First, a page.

Robin Camille Davis
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Apology for literature, from literature

November 06, 2010
"My grandfather left me a great deal more—a passion for literature, and something additional, fundamental: the conviction that literature is important. He talked about it often. Literature is a source of pleasure, he said, it is one of the rare inexhaustible joys in life, but it's not only that. It must not be dissociated from reality. Everything is there. That is why I never use the word fiction. Every subtlety in life is material for a book. He insisted on the fact. Have you noticed, he'd say, that I'm talking about novels? Novels don't contain only exceptional situations, life or death choices, or major ordeals; there are also everyday difficulties, temptations, ordinary disappointments; and, in response, every human attitude, every type of behavior, from the finest to the most wretched. There are books where, as you read, you wonder: What would I have done? It's a question you have to ask yourself. Listen carefully: it is a way to learn to live. There are grown-ups who will say no, that literature is not life, that novels teach you nothing. They are wrong. Literature informs, instructs, it prepares you for life."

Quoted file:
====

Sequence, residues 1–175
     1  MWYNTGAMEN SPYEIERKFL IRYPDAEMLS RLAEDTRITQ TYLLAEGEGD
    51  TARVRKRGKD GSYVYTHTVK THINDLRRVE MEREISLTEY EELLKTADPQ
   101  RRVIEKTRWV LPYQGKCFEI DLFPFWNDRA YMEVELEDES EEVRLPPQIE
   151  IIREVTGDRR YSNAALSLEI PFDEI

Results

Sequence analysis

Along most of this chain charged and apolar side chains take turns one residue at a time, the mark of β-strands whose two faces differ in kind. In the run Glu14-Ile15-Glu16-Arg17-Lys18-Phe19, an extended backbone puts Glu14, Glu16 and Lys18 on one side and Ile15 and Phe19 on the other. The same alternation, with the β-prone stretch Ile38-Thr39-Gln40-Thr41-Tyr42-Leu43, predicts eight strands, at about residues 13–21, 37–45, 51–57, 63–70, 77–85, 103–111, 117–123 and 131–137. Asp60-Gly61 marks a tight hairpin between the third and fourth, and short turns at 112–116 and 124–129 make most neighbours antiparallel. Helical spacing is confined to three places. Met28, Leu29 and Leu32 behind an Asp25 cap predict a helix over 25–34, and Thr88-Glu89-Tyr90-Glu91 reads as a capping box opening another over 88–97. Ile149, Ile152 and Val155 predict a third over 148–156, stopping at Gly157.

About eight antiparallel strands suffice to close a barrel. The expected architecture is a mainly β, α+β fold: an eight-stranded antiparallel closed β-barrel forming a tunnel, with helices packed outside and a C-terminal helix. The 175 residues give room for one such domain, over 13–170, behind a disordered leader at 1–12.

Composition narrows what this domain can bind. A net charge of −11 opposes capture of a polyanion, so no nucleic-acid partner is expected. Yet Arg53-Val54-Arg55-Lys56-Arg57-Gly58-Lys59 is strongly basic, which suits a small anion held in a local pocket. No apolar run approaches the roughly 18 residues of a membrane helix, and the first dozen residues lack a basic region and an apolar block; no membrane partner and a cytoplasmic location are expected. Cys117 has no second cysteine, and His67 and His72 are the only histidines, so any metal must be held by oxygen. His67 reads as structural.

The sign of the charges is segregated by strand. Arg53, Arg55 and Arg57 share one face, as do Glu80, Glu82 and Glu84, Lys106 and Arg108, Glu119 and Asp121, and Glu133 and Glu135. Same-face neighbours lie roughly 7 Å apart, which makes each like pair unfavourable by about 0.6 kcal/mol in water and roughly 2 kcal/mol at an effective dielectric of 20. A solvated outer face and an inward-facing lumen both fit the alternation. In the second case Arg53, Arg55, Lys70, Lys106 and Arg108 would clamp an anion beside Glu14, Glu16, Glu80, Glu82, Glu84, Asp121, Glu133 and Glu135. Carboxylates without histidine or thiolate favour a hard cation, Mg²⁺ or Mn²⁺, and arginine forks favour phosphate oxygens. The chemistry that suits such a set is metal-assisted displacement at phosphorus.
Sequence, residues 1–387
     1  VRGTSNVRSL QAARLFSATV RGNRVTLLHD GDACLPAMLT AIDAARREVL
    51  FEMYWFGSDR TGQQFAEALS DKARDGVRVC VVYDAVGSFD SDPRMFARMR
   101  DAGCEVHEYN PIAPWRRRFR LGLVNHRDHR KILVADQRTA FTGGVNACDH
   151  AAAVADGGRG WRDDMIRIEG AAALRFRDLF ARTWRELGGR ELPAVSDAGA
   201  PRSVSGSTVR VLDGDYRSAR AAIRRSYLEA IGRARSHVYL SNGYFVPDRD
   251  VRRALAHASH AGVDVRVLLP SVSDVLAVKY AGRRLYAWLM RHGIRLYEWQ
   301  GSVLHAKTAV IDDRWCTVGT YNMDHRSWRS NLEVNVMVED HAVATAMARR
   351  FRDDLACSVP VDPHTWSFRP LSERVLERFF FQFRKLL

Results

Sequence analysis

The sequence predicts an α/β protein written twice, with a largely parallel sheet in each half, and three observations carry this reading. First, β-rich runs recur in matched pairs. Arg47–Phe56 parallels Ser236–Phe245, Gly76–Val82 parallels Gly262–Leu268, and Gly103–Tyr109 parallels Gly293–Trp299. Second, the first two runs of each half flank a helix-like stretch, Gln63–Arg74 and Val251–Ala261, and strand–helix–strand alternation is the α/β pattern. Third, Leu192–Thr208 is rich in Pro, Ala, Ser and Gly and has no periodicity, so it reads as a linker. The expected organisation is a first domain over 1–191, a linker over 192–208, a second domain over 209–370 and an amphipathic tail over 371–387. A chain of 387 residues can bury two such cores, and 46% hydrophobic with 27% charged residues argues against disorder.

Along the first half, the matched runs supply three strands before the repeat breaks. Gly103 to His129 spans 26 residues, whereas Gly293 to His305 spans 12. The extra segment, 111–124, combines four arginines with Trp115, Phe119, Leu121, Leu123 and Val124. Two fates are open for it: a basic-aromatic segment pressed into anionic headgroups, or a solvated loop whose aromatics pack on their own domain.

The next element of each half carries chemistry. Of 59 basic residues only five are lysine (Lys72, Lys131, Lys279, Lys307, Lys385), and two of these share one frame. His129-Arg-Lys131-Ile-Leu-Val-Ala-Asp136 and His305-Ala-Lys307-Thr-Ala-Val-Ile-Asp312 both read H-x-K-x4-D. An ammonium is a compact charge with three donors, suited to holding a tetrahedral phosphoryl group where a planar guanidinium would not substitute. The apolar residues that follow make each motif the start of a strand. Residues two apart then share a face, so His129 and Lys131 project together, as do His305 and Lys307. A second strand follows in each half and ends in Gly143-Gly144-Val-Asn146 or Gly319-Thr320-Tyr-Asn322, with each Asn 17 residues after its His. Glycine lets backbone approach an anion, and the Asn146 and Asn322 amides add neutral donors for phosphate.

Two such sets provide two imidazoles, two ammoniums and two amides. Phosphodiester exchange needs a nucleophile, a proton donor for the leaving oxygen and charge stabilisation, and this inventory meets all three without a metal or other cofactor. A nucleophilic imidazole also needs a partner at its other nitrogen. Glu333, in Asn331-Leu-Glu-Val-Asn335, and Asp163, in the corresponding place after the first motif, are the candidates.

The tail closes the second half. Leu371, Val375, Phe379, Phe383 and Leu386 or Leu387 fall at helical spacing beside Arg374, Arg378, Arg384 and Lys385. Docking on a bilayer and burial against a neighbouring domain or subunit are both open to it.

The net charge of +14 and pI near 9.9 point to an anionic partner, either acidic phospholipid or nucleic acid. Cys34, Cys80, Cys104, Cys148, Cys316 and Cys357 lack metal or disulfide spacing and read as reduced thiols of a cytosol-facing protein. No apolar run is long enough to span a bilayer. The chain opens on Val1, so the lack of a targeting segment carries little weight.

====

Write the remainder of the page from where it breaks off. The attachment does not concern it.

Francesca fell silent. She was moved.

—from A Novel Bookstore (Au Bon Roman), 2009, by Laurence Cossé.